| Quote #1
But this was for my father's faith
The speaker says that he's been imprisoned because of his "father's faith" – not for anything that he himself either believed or did. How unjust!
| Quote #2
Proud of Persecution's rage; (line 20)
The speaker and his brothers are actually "proud" to be "persecut[ed]" for their beliefs. This is probably a kind of pride that we're meant to admire.
| Quote #3
Dying as their father died,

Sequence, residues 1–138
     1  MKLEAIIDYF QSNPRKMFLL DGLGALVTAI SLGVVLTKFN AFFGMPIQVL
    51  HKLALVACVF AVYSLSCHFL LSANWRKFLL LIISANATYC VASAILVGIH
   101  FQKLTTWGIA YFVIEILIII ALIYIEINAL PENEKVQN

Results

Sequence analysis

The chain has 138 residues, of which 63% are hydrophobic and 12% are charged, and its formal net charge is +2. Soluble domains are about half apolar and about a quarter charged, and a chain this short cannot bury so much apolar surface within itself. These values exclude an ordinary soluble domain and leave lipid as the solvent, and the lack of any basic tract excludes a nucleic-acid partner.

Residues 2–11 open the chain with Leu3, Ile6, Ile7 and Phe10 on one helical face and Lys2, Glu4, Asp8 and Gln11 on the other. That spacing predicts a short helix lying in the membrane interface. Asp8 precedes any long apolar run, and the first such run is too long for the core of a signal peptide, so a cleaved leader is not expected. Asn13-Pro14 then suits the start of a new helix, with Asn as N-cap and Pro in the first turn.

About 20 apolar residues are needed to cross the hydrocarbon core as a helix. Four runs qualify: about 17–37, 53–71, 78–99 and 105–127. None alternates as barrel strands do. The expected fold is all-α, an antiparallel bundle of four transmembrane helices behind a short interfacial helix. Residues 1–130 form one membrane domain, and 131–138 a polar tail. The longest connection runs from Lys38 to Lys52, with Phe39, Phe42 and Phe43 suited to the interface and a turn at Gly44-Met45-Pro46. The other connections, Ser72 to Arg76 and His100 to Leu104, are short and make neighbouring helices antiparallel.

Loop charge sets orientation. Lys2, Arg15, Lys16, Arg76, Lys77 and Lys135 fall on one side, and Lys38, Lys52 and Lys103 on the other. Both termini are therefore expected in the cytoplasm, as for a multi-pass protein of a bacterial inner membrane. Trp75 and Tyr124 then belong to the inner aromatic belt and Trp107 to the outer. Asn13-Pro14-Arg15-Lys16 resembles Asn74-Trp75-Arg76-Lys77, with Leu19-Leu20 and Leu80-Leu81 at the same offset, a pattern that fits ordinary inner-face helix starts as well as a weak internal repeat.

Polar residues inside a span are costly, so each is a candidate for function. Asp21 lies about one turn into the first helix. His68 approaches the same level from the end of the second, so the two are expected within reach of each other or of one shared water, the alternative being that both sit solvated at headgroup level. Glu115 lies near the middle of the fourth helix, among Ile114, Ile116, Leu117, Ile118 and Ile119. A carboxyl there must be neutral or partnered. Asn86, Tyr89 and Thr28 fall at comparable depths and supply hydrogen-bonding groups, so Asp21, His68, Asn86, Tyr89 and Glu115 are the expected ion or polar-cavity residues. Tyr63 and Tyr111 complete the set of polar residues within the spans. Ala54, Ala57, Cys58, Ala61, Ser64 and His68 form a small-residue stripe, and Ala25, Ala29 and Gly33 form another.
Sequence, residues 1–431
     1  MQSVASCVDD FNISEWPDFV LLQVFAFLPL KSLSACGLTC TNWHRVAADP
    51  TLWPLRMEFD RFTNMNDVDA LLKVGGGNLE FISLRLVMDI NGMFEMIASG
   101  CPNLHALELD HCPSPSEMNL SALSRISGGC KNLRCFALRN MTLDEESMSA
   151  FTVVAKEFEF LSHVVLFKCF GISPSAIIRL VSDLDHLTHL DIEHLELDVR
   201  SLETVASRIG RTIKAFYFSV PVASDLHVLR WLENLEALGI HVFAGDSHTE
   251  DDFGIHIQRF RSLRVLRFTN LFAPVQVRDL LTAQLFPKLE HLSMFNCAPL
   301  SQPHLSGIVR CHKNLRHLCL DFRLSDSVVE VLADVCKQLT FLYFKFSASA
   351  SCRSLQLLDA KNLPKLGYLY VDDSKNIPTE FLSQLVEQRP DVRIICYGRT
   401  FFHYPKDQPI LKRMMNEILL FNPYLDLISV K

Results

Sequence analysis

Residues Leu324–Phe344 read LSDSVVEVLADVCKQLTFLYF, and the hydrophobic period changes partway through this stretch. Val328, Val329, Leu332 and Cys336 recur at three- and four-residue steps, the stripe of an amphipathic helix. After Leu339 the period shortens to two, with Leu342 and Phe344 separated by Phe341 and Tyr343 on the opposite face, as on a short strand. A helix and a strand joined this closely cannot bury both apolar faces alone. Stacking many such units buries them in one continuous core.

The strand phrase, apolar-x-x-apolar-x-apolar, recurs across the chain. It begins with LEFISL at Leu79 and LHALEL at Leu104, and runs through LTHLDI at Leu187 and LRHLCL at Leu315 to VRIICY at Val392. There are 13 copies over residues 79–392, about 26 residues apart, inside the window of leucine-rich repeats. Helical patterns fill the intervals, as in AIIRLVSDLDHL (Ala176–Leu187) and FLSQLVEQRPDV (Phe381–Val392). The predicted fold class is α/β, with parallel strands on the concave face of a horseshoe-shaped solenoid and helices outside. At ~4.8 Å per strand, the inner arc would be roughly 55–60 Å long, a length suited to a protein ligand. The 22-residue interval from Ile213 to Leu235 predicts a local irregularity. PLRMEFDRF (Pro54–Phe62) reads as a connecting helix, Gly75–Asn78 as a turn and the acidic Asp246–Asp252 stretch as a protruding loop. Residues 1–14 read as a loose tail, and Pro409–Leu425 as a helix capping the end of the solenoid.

This is the first and only time that the speaker suggests that the beliefs for which his family has been killed or imprisoned are religious beliefs. Historically, the real "prisoner of Chillon" was imprisoned for political reasons, not religious beliefs (See the "In a Nutshell" section for more). Why might Byron vaguely suggest otherwise here?